Oracle targets Microsoft with database update

With Oracle 10g, expected to be released by the end of the year, Oracle is focusing on lowering the cost of database maintenance to combat Microsoft.

Martin LaMonica Former Staff writer, CNET News
Martin LaMonica is a senior writer covering green tech and cutting-edge technologies. He joined CNET in 2002 to cover enterprise IT and Web development and was previously executive editor of IT publication InfoWorld.
Martin LaMonica
3 min read
Oracle's upcoming 10g database is intended to stave off competition from Microsoft in the midsize-business market, Oracle executives said Thursday.

During a briefing with financial analysts, Oracle provided more details on the technical features and business goals of the Oracle 10g database, an update to the company's flagship database product, and the 10g Application Server, both due by year's end. On top of targeting smaller organizations with its database, the company has designed Oracle 10g to be able to handle millions of terabytes of data, or exabytes, for extremely large data warehousing applications.

Oracle 10g is the most significant upgrade to the company's main database since 1997, executives said. The database is intended to let companies run a single application across several database servers. This "grid" configuration will save businesses money because they can combine the horsepower of several low-cost machines rather than buy more expensive server hardware.

The grid capabilities, which are an extension to Oracle's database clustering in its 9i database, will let companies more effectively use their hardware through better load balancing, according to the company. With the database, Oracle will include management software that will let system administrators allocate more servers to address a peak in computing demand, such as the need to run quarterly financials.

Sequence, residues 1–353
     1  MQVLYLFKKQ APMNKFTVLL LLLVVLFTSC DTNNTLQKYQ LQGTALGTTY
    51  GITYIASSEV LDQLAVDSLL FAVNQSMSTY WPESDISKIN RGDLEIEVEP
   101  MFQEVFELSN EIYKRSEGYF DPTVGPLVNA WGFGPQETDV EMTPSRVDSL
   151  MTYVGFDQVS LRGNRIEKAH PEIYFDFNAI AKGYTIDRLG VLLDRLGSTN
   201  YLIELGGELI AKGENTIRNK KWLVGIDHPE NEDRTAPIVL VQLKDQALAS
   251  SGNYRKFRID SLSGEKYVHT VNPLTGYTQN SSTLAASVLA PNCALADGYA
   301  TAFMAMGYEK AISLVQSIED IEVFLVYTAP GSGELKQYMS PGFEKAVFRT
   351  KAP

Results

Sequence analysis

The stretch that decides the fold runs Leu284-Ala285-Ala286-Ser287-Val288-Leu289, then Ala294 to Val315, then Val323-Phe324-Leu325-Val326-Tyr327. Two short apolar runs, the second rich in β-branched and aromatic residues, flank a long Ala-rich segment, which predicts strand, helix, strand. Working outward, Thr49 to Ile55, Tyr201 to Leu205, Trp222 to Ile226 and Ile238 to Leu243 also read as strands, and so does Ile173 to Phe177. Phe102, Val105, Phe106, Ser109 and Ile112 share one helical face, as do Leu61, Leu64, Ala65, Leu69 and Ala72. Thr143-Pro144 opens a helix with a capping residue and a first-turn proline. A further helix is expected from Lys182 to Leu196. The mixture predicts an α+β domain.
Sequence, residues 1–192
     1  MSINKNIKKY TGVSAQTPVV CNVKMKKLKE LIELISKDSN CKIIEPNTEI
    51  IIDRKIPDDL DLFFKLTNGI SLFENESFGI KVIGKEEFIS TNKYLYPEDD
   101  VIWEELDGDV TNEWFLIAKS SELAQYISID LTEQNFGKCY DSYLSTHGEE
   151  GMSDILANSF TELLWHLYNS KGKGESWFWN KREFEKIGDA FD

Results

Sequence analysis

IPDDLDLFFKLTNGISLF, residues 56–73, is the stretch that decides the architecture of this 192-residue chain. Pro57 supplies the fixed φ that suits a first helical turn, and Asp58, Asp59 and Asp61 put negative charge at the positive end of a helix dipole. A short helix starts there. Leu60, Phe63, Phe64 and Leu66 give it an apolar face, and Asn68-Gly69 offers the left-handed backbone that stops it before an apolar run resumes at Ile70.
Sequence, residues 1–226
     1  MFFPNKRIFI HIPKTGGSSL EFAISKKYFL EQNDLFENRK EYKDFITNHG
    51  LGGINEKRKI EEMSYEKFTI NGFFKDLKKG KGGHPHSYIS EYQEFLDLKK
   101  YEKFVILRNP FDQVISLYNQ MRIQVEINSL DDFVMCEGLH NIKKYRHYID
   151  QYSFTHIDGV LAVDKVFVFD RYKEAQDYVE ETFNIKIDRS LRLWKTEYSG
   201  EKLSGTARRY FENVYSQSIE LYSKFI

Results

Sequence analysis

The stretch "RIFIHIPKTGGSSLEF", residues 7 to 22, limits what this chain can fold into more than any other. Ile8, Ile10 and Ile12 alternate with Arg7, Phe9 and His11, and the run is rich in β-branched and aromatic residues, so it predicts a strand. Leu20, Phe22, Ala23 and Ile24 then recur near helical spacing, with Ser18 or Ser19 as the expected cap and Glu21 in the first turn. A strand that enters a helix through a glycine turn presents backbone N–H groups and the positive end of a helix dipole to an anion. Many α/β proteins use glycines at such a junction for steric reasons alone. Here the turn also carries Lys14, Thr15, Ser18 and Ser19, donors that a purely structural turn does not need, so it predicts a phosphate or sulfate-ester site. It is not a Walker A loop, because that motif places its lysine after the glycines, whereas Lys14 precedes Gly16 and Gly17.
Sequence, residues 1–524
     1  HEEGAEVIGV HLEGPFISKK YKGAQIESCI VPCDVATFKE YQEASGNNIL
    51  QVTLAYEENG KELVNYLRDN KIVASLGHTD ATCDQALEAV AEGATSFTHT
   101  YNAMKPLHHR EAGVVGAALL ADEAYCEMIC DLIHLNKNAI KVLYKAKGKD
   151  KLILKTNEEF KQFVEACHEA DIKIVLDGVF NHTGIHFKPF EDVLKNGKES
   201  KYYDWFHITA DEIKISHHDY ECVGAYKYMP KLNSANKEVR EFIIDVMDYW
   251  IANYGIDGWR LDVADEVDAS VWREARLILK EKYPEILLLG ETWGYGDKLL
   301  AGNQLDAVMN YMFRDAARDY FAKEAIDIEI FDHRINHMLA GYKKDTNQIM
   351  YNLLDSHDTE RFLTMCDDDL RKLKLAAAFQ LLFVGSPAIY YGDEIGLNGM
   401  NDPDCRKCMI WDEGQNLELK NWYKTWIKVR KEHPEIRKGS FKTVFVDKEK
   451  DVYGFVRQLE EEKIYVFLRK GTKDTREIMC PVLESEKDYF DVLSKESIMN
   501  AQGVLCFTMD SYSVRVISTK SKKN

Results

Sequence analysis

Oracle Chief Financial Officer Jeff Henley said the company is looking to expand its database business to midsize companies and move beyond its stronghold in high-end sophisticated applications.

As previously reported, Oracle has set its sights on lowering the cost of maintaining Oracle databases, to make the software more attractive to smaller companies. Such a strategy has typically been Microsoft's strength, Henley said. Last year, revenue from Microsoft's SQL Server database grew faster than that from both Oracle's product and IBM's DB2 database, according to Gartner Dataquest.

"The real key thing we focused on is the cost of ownership," said Andrew Mendelsohn, senior vice president of Oracle's server technologies division. "That's the key issue we have to address, basically, if we want to keep Microsoft out of our accounts."

Oracle 10g will come with a management product called Enterprise Manager Grid Control, which will automate a number of tasks and eliminate the need for some third-party storage products, Mendelsohn said.

The management software will give administrators a single console for managing potentially hundreds of databases. Oracle will include tools for sending out patches and checking that databases are configured properly, Mendelsohn said. It will include a tool called Automatic Storage Management, which can quicken database setup and improve performance by automatically laying out, or "striping," data directly on storage disk drives, rather than using third-party tools for managing the file system, he said.

To ease the maintenance of individual databases, Oracle 10g will introduce a "workload repository," which will track how the database is being used, diagnose problems and recommend fixes to database administrators. In the future, Oracle will look to completely automate performance-tuning tasks, Mendelsohn said.

These management-oriented features will appeal to both large and smaller customers, but are a significant part of Oracle's "aggressive" midmarket push, executives said. The company last month introduced a single-processor edition of its database priced at $5,995 to appeal to medium-size companies, and it's courting independent software providers to embed Oracle 10g within their applications.

Oracle executives said current Oracle database applications will be able to run on 10g without significant modification. The company expects to include the Enterprise Manager and storage management software with its database and sell a separate version for clustering more than one database. Pricing for 10g will remain the same as for previous releases, Henley said.